Les enfants en situation de handicap sont les grands oubliés de la crise du COVID-19. Aux Etats-Unis aussi, ces élèves sont laissés "au bord du chemin", sans aidants (lesquels se retrouvent au chômage) ni accès à distance aux programmes individualisés spécifiquement conçus pour leurs enfants. Par ailleurs, la question du retour à l'école se pose elle aussi, avec la perspective du retard accumulé par les élèves. Face à la crise, certains sont plus préparés que d'autres.
“Schools are struggling to educate 7 million students who receive special education services in the absence of physical classrooms.
Adrienne Stuart’s 5-year-old son, Jack, has never told her “hello.” It’s a milestone she was hoping to reach within the next year.
But in mid-March, his school was closed, at least until May. Now, she’s coming to terms with the fact that she’ll likely have to wait longer to hear from her son.
A vast majority of the nation’s schools ― over 120,000 in all ― have closed in an effort to combat the spread of coronavirus. For students with disabilities, the stakes of these school closures are especially high. These students often rely on a litany of services at school, from speech therapy, to physical therapy, to occupational therapy, that parents simply aren’t trained to do on their own. Parents and educators worry that fragile gains made this year could disappear with so much time off. An eventual transition back to school could prove especially difficult.
“I know a lot of people are, but we are especially reliant on the school system,” says Stuart, who lives in Tacoma, Washington.
Schools have struggled to educate the 7 million students who receive special education services in the absence of physical classrooms. In mid-March, the U.S. Department of Education fueled confusion when it suggested that schools that cut off academic services for all students would not be required to serve students with disabilities. Some schools ended academic services amid concerns they would run afoul of federal law if they could not serve disabled students with the same rigor as everyone else. Later in March, the department clarified schools “should not opt to close or decline to provide distance instruction” to address equity concerns.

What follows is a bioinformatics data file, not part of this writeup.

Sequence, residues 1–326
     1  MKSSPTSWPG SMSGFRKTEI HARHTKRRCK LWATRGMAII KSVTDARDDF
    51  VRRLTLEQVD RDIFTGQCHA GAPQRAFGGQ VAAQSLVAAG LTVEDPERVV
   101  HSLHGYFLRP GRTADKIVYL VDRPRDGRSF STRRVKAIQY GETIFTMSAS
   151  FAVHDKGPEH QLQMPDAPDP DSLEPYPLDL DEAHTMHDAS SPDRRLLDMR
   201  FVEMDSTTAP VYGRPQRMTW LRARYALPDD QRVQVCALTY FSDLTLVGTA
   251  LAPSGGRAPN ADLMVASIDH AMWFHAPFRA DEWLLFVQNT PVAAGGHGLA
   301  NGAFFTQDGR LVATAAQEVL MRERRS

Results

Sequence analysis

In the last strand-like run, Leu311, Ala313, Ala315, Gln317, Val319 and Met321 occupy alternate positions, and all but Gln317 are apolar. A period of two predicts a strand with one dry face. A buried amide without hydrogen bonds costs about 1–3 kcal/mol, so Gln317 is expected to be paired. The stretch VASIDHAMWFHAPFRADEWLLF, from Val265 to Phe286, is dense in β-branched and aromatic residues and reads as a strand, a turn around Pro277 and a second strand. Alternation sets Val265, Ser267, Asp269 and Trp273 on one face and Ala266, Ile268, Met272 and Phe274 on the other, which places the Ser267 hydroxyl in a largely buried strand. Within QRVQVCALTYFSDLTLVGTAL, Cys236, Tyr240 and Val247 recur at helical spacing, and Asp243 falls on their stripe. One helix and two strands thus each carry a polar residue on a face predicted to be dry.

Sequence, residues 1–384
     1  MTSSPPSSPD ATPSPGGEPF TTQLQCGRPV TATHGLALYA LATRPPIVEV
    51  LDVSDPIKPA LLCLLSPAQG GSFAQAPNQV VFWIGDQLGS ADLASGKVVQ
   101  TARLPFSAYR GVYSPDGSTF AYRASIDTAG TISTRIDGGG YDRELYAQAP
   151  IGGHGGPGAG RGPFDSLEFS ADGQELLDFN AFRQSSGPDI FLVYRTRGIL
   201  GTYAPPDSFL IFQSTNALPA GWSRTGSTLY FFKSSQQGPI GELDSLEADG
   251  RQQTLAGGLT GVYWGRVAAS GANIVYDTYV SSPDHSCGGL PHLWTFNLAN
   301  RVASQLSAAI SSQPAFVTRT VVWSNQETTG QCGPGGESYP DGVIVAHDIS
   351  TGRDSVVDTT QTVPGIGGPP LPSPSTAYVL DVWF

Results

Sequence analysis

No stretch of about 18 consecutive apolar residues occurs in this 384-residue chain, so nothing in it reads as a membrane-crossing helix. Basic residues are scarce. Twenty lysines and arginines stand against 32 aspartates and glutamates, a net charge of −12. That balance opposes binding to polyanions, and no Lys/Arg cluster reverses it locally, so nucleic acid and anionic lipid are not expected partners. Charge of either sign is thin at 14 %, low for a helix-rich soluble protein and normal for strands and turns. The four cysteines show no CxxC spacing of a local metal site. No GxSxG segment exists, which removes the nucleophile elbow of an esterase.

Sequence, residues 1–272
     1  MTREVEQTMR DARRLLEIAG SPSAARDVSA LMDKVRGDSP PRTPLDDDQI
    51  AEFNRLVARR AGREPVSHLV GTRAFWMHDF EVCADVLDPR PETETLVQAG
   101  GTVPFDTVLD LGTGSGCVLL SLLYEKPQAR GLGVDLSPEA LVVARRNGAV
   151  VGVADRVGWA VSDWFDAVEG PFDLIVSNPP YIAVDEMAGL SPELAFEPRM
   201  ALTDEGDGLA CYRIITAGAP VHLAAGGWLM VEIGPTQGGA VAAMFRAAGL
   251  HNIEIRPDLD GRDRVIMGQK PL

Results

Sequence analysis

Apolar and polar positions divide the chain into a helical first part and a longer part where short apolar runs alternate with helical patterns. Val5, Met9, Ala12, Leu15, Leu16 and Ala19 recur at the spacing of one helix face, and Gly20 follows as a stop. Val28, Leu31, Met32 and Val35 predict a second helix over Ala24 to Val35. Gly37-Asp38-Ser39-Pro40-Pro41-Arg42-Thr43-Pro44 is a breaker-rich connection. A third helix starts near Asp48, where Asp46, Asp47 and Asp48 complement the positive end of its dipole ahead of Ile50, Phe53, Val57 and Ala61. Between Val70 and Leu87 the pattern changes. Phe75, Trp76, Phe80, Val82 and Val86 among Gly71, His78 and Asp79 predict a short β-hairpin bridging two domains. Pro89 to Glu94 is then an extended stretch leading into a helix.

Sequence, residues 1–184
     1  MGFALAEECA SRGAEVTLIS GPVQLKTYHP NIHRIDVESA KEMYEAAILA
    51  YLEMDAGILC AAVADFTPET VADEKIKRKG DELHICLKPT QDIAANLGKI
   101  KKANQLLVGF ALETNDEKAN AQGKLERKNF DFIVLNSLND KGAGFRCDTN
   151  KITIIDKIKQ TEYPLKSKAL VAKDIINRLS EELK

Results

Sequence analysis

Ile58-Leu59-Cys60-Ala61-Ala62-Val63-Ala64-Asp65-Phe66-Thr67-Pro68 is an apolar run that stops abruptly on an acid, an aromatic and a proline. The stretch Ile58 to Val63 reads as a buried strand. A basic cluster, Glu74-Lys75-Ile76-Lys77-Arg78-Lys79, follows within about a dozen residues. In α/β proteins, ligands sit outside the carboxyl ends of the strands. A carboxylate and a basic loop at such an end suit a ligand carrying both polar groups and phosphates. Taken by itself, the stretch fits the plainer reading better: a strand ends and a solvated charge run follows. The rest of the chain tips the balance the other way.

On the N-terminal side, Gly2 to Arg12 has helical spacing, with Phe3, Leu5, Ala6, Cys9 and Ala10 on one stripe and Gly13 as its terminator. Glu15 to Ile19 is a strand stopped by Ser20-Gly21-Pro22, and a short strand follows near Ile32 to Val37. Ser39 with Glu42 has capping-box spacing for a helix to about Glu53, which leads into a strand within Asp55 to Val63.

Still, in recent weeks, parents of students with disabilities report receiving only a fraction of the services to which they’re entitled. Schools have canceled meetings to devise or update individualized education programs ― or IEPs, the legal document that outlines necessary services for each disabled student. Classwork isn’t tailored to students’ disabilities. And in some cases, the adults who work most closely with students with disabilities, like paraprofessionals, are losing their jobs, cutting off a crucial line to these kids.
What’s more, within Congress’ recent $2 trillion coronavirus bill is a provision that could allow Education Secretary Betsy DeVos to waive portions of the Individuals with Disabilities Education Act, the federal law that governs special education and calls for disabled students to get an equal education to their non-disabled peers.
“We’re just feeling rudderless at the moment,” said Stuart, director of public policy at the Washington State Developmental Disabilities Council.
Stuart’s son has Rett syndrome, a neurological disorder that impacts a person’s ability to speak, move, eat and breathe. Lately, the school’s speech language pathologist has been teaching him how to use an eye gaze device, a piece of technology that tracks people’s eye movements, eventually allowing them to communicate through a computer screen. Stuart dreams of the day her son will be able to tell her if he’s hungry, if he’s frustrated, if he hurts.
But ever since school closed, she hasn’t received any instructions or supports in this area. Without the help, it will prolong the process. It’s a complicated device ― Stuart feels like she’s utterly unprepared as she tries to direct him.
“That’s a huge void, not being able to get him the support he needs to communicate, it’s devastating,” Stuart said, noting an IEP meeting for her son was canceled with no apparent makeup in sight.